Regimes such as Russia and Iran also want an ITU rule letting them monitor Internet traffic routed through or to their countries, allowing them to eavesdrop or block access.
Since at least 2004, the ITU has tried repeatedly to wrest power from ICANN, the Internet Corporation for Assigned Names and Numbers, the multi-stakeholder body created in 1998 to oversee domain names and addresses.
The real fight is not for Net Neutrality, but for free speech. Net Neutrality is another term being usurped by those opposing free speech to hide an agenda. This makes our job, as citizens, of deciding who and what to support much more complicated. Remember SOPA? The good and bad. A list of counterpoint arguments you won’t normally see. Be fully informed.
03:00 – About coming out of the virtual world closet. Jo Yardley relates her experience. One other, Eshi Otawara, shares her experience. Give Drax and Jo a Skype call to share your experience. Contact info for Skype is in on the blog.
04:00 – The Drax Show is a call in show… not a live on air type call in like talk radio. But, you can call any day. I suspect a call between Monday and Wednesday is more likely to make it into the next show than a call they receive after Wednesday, but I’m guessing. I suspect if it is really interesting, a call right up to the timeline cutoff might make it in.
5:45 – Augmented and Virtual Reality – See the video at the top for an example of augmented reality. This video shows a rudimentary way to build about 9 minutes in. About 10 minutes into the video they do a virtual world scene. You can get more information at the web site. Jo explains what is happening in the video.
10:30 – EEG Headsets – These are used to capture brain waves to control things. The best example of these and what they evolve into can be seen in the SiFi series Caprica, available on NetFlix and other similar services.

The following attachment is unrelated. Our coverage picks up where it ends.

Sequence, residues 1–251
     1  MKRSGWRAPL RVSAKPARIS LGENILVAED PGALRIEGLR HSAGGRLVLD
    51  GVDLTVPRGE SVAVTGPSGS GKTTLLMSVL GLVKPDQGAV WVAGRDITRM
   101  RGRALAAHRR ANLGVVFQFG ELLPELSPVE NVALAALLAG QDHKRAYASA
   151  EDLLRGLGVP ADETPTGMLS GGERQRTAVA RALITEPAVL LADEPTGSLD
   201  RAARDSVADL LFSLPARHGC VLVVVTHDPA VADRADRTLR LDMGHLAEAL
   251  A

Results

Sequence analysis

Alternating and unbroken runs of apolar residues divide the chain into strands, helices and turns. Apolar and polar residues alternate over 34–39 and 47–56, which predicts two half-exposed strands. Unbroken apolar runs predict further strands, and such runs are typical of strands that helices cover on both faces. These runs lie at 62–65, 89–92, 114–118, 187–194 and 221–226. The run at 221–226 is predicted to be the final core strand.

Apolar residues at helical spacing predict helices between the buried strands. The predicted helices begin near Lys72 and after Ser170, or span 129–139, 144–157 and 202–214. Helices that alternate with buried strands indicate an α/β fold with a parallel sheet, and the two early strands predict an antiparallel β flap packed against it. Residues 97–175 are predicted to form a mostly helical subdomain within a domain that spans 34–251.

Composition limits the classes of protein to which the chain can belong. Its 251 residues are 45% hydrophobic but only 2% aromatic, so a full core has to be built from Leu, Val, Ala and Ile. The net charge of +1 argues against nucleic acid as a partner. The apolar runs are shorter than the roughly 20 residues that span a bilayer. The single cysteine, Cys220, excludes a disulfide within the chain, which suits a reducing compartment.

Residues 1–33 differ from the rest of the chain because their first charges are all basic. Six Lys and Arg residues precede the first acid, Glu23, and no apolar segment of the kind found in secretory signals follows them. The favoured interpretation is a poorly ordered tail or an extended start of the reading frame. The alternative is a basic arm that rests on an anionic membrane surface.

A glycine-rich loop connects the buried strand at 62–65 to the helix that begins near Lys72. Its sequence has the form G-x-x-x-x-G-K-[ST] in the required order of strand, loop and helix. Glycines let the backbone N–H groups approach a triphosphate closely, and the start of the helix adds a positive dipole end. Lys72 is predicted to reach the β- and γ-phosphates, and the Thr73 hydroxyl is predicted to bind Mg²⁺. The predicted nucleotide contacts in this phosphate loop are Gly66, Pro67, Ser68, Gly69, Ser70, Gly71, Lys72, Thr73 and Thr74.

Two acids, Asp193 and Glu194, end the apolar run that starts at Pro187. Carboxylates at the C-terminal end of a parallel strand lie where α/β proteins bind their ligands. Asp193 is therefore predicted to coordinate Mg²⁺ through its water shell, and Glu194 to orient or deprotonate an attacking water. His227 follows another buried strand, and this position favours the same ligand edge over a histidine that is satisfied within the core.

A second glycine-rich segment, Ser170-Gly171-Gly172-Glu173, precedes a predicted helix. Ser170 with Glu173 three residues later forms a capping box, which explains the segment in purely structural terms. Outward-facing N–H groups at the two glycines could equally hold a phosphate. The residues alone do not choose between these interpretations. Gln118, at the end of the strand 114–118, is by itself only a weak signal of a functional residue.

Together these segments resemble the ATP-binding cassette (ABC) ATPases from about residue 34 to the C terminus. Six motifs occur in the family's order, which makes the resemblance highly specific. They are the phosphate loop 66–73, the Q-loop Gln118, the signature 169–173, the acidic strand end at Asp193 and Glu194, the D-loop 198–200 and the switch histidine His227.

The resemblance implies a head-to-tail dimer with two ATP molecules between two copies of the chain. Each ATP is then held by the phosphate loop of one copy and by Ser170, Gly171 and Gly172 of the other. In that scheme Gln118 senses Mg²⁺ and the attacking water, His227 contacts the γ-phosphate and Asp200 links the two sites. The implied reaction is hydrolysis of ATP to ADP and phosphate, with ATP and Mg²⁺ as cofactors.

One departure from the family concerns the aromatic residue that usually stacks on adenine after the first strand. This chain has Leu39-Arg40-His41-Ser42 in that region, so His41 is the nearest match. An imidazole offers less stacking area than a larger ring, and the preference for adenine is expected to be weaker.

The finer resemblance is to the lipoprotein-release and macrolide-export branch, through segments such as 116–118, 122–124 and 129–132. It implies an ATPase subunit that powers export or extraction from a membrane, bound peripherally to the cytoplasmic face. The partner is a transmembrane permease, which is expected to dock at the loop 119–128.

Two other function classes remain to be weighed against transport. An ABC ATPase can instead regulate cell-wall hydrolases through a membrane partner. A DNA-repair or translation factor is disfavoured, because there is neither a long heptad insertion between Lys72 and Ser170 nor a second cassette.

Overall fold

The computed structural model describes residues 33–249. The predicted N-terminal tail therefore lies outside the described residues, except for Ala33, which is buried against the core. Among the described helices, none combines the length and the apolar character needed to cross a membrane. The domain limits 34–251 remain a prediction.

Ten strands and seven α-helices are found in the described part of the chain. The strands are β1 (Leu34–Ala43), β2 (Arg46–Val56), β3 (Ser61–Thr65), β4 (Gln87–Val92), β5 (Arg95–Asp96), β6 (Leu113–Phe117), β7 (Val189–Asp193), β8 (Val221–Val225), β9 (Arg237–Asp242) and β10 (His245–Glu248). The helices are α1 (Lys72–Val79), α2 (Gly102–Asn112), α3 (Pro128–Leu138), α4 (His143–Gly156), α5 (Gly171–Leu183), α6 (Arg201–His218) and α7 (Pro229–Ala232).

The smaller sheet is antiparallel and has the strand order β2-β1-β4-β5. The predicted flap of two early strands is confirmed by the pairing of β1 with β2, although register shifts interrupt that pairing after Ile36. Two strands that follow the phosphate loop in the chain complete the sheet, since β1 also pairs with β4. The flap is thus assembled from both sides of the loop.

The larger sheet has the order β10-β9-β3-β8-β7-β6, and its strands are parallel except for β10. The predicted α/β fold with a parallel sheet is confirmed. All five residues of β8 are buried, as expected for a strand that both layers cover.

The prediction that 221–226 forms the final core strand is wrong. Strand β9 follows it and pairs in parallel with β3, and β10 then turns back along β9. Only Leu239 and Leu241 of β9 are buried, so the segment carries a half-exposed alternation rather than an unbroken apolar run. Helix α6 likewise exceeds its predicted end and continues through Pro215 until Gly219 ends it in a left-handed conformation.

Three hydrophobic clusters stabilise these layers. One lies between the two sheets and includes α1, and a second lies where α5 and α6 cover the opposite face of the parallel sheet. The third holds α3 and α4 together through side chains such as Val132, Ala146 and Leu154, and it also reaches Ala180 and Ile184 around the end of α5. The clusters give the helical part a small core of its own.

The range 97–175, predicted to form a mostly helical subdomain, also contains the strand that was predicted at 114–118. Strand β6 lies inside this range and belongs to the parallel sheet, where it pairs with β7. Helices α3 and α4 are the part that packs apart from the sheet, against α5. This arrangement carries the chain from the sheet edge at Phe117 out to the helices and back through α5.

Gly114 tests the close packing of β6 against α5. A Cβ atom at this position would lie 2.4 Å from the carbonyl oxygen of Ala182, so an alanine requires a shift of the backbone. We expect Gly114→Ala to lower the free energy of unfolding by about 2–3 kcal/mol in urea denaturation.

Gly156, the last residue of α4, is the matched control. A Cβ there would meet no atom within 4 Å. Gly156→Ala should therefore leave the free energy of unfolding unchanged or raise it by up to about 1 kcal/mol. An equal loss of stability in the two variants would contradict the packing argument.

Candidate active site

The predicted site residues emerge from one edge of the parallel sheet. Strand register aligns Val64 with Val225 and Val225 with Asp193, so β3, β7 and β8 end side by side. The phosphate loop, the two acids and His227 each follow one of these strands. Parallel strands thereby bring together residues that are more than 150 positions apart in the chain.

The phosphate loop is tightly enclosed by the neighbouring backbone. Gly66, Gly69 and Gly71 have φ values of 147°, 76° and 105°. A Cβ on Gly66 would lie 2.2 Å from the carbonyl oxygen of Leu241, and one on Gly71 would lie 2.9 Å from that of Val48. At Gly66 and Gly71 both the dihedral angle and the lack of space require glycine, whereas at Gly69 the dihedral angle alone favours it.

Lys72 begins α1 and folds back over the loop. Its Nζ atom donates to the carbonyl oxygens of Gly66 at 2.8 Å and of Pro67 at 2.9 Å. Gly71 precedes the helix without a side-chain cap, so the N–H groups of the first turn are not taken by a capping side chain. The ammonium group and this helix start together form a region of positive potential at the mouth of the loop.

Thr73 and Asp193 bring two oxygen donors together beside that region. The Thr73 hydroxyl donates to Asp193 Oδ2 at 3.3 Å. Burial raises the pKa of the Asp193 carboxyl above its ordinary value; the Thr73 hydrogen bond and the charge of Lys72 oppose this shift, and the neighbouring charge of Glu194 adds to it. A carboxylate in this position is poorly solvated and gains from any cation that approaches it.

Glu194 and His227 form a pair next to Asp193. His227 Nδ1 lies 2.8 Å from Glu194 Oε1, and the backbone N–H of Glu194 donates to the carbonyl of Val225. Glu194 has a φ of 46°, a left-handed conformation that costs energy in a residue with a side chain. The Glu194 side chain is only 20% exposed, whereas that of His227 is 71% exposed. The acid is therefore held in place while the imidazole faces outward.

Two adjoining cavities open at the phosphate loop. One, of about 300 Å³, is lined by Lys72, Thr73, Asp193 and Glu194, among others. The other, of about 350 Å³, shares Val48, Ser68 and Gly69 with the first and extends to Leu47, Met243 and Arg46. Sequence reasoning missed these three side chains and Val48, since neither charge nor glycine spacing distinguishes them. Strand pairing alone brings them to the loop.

13:40 – Monty Linden – Leading the HTTP Project. At 14:00 Monty explains the project at 4th grade levels. I’ve been covering the project for months. List of HTTP Project articles.
20:00 – Loki Virtual Reality Clips – This is a video Loki put together. It goes back 20 years. Loki has it up on Vimeo: The LOST Virtual World. 37± minutes. It is very worth the time to watch.
I’m bummed Loki left out Caprica.
25:10 – Google Glass User Busted – A man wearing Google Glasses was arrested in a theater because they thought he was recording the movie. Drax makes the comment that we now have to surrender our guns and Google Glasses before entering a theater. I wonder if he made the connection to both as a loss of personal freedom.
27:00 – The newspaper The Guardian has an article on virtual reality. Drax links to: Oculus Rift: Valve promises to take virtual reality to the masses.
28:50 – Esteban Winsmore – Main feature of the show. – Basically an SL pest. But, he is funny. His YouTube videos of ‘home invasions’ are very highly rated. This section of the show is basically an interview. Many see Esteban as a griefer. If you like Estaban, this is a fun interview. Otherwise it is a waste of time.
49:10 – End interview – Jo talking about Esteban and correctly identified him as a trespasser. The reaction of people against Esteban’s home invasions tends to be violent. Discussion about Esteban and reactions to him continues to about 56:00
56:00 – closing, Joi Price a sponsor speaks about her line of jewelry and the need for more positive coverage of SL. Interesting for an advertising piece… or any just interesting.
End = 1:00:00.